For a full 180 days he displayed the vast wealth of his kingdom and the splendor and glory of his majesty. When these days were over, the king gave a banquet, lasting seven days, in the enclosed garden of the king’s palace, for all the people from the least to the greatest who were in the citadel of Susa. The garden had hangings of white and blue linen, fastened with cords of white linen and purple material to silver rings on marble pillars. There were couches of gold and silver on a mosaic pavement of porphyry, marble, mother-of-pearl and other costly stones. Wine was served in goblets of gold, each one different from the other, and the royal wine was abundant, in keeping with the king’s liberality. By the king’s command each guest was allowed to drink with no restrictions, for the king instructed all the wine stewards to serve each man what he wished.

Queen Vashti also gave a banquet for the women in the royal palace of King Xerxes.

10 On the seventh day, when King Xerxes was in high spirits from wine, he commanded the seven eunuchs who served him—Mehuman, Biztha, Harbona, Bigtha, Abagtha, Zethar and Karkas— 11 to bring before him Queen Vashti, wearing her royal crown, in order to display her beauty to the people and nobles, for she was lovely to look at.12 But when the attendants delivered the king’s command, Queen Vashti refused to come. Then the king became furious and burned with anger.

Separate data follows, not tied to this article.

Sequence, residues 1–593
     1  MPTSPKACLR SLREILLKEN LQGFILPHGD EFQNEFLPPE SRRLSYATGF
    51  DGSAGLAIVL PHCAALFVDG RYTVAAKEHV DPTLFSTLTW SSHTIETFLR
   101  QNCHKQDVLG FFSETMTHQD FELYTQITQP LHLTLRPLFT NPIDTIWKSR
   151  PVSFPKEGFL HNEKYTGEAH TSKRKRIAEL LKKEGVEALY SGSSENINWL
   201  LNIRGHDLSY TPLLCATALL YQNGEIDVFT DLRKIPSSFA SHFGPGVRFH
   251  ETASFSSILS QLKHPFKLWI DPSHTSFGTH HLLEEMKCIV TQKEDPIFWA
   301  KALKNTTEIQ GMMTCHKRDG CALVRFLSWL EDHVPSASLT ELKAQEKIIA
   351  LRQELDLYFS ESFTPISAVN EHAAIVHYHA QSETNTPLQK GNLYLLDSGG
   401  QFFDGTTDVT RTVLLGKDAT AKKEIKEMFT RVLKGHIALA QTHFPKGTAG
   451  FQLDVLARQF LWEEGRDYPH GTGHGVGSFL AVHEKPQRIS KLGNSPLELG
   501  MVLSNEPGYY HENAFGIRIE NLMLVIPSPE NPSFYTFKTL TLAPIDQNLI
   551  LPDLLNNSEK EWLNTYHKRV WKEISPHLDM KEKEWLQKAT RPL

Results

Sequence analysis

13 Since it was customary for the king to consult experts in matters of law and justice, he spoke with the wise men who understood the times 14 and were closest to the king—Karshena, Shethar, Admatha, Tarshish, Meres, Marsena and Memukan, the seven noblesof Persia and Media who had special access to the king and were highest in the kingdom.

15 “According to law, what must be done to Queen Vashti?” he asked. “She has not obeyed the command of King Xerxes that the eunuchs have taken to her.”